Tis the season for anthology deadlines and convention prep, and I never seem to have enough time to devote to either properly. It is for this reason I always have a few stories in various stages of undress ready to be rescued from the Whoretown of my Pending File.
This year’s anthology theme is Phobias and Superstitions, and I knew I had the perfect story for it. It was mostly formed and just in need of a little tweaking. I knew it was in a notebook or on a hard drive somewhere, and this ethereal wisp of hope is what kept me from actually stating to write it. I was so sure of this Athena of a story, when I found it just last week, scribbled in an old steno book dating back at least 10 years, I put off getting it into pixels for another few days. When I was in the right frame of and avoiding other work, I read the first few lines, reintroduced myself to my characters, and knew I was good to go. I fired up my comp to make the magic reignite the fire in my brain and got down to business.
I usually just transcribe without stopping to edit, much like the way I begin all of my projects longhand. With my handwriting *just* legible, I don’t concern myself with it looking perfect. No one will see these scribbles but me (and future biographers), so getting things perfect isn’t the goal. Basic idea, structure, phrases – I can fill in the rest later. When I later transcribe, I get that the sentences sound silly or wrong and maybe I’m not at the point I wanted to make right then, but it’s okay, because where I was going probably became clear and was written a few sentences further. Transcription is like a Zero Draft Point Two. Just get the words down, the red pen will come out later.
With this project – I simply never got to the Red Pen Point.
This is what I originally wrote (circa 1998):
Casandra and Joanne had been the best of friends since being assigned roommates at the most prestigious witching school in Germany.
LOLOLOLOLOLOLO – WUT?
No, seriously 1998 Me – WUT? I’d always kicked around magical schools long before JK Rowling made them all the rage, but I never thought I’d actually write about one. It wasn’t the direction I’d ever been going. Oh, well. I stopped rolling my eyes long enough to type out a few more sentences, to get through a paragraph and not worry about how blessedly over the top this story was sounding. I could fix it later as soon as I located the thread of the idea.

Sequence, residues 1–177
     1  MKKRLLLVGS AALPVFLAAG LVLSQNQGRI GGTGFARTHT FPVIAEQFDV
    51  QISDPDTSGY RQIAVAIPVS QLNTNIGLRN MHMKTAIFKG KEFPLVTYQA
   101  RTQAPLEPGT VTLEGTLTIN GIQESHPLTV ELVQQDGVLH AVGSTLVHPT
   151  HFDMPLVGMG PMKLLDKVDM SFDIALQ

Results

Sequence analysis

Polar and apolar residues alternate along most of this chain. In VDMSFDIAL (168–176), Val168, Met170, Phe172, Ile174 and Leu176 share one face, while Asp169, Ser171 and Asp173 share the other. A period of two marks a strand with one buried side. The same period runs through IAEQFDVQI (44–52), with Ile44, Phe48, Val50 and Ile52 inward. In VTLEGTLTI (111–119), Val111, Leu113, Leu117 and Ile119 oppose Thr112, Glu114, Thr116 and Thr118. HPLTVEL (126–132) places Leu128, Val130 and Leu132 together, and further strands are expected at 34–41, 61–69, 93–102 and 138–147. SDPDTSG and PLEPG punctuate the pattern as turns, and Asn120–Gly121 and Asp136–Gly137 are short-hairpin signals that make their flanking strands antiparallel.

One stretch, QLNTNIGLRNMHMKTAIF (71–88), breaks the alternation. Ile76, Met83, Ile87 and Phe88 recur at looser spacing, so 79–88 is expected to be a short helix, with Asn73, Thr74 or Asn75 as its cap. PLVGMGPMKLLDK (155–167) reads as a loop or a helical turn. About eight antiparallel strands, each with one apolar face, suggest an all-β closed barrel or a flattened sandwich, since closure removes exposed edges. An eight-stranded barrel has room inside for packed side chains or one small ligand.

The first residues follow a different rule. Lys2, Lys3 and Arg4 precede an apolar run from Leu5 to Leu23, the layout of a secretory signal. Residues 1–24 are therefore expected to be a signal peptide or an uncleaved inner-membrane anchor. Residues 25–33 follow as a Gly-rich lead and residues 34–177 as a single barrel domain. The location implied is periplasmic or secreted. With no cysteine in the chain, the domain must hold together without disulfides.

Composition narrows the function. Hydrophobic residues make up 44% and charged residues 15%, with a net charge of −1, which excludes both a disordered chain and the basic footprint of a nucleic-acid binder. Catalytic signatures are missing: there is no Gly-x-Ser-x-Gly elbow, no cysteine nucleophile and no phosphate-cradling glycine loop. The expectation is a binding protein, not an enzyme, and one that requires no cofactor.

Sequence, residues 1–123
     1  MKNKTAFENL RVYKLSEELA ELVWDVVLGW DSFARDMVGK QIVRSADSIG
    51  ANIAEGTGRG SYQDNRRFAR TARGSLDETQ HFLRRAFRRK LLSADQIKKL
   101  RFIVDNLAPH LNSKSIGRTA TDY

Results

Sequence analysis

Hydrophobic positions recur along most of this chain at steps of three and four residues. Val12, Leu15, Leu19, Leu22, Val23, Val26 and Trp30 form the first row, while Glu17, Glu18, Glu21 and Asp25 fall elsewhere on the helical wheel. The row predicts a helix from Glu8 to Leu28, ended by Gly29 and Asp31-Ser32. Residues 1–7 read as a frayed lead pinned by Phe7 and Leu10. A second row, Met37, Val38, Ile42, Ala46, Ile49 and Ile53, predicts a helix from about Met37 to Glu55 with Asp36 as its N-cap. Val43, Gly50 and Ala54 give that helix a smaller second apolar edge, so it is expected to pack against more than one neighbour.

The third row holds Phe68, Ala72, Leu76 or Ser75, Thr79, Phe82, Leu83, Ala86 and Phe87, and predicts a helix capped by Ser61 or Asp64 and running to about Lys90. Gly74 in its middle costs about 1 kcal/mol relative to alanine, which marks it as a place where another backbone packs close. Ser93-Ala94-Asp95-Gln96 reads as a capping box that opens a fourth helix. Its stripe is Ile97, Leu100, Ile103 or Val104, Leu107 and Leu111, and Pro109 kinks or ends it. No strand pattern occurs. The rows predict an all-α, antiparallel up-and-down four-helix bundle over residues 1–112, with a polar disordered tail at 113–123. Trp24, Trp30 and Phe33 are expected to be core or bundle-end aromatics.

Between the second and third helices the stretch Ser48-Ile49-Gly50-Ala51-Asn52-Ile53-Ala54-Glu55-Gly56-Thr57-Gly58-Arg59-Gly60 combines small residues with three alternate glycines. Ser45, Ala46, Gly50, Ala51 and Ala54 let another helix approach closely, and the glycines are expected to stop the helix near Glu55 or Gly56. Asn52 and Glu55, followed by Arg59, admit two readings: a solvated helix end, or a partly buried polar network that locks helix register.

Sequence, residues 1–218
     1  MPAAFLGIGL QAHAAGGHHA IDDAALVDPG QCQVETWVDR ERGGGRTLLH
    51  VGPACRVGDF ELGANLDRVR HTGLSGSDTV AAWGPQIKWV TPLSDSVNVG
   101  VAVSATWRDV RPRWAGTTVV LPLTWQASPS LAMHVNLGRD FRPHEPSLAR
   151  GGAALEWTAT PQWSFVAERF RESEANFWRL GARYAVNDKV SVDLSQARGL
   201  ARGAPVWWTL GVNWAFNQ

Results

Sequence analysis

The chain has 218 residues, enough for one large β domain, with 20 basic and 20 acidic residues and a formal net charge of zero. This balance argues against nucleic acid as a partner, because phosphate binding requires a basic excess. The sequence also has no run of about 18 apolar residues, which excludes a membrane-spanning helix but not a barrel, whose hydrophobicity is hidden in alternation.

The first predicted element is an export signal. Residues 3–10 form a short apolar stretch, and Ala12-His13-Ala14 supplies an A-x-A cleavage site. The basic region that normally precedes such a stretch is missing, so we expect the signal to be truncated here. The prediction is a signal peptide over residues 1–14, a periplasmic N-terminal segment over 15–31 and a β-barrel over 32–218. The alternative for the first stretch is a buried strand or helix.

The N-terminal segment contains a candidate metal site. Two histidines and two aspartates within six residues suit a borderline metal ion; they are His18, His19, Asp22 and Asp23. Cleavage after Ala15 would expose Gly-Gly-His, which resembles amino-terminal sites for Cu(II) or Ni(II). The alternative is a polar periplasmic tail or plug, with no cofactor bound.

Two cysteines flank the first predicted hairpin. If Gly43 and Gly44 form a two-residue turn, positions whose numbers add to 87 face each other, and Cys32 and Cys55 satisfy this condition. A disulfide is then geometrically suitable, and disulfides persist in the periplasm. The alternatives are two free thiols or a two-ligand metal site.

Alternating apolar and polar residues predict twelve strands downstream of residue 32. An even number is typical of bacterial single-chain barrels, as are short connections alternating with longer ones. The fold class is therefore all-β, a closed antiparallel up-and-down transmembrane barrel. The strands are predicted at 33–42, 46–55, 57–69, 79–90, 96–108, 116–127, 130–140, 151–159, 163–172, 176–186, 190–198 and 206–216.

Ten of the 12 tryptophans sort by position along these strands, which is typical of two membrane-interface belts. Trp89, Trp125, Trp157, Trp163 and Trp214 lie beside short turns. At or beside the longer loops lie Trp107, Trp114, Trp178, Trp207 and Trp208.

About 500 word in and it hit me, that thread wasn’t ever going to be found. 500 words in, I was setting up my own story, not just for my readers (still six years from ever reading a published word I’d written) but for myself. This was over 500 words of back story and utterly ridonkilous – and worse yet, I wasn’t done laying out the past of these two women.
I flipped up a few more pages and it just went on and on. Silly introductions, with snatches of coven mothers and clandestine incantations, I still hadn’t gotten to the point. Finally as my characters were getting to the meat of what the story was actually about – 5 LONGHAND WRITTEN PAGES FRONT AND BACK LATER – it ended.
Just, you know … stopped.
I’d run out of words, or time, or satisfied my muse long enough to get back to the rent-paying gigs. I used to be pretty good about slipping in a few sentences about where I was going, just in case I had to stop writing. It is completely possible to forget where a story was going, as multitudes of dangling ideas can attest. I didn’t do that this time.
Once upon a time I had an idea strong enough to get out pen and paper and open a vein. I tried to ham-hand it into existence, but at the 500 word mark, I still did not have a story. I did have a pair of characters with a very interesting past, but stories really aren’t about the stuff that happens before the stuff happens. And at what is probably the 1200 mark, I was only just getting there, to the reason I probably wanted to write in the first place.
I didn’t get that then, but now I completely understand why stacks and stacks of stories I sent out for submission came back like Dear John letters in the post with other editors’ scribbles noting why it just wasn’t going to work out. They were politely telling me that we should see other people, when they really wanted me to just get to point already. I do that now, my writing is leaner with less pointless back story that doesn’t take the idea or characters anywhere, and the meat is right there. There aren’t 14 courses of empty calories before that one dish people can’t stop talking about is served.
I’ve come a long way in my writing and it’s exciting (and a little embarrassing) to see something like this surface and just float like a dead whale. I can’t wait to see where I am in another 14 years.
By the way, that was 896 words to explain the reason why my submission to Erie Tales is going to be late this year, Editor. Sorry.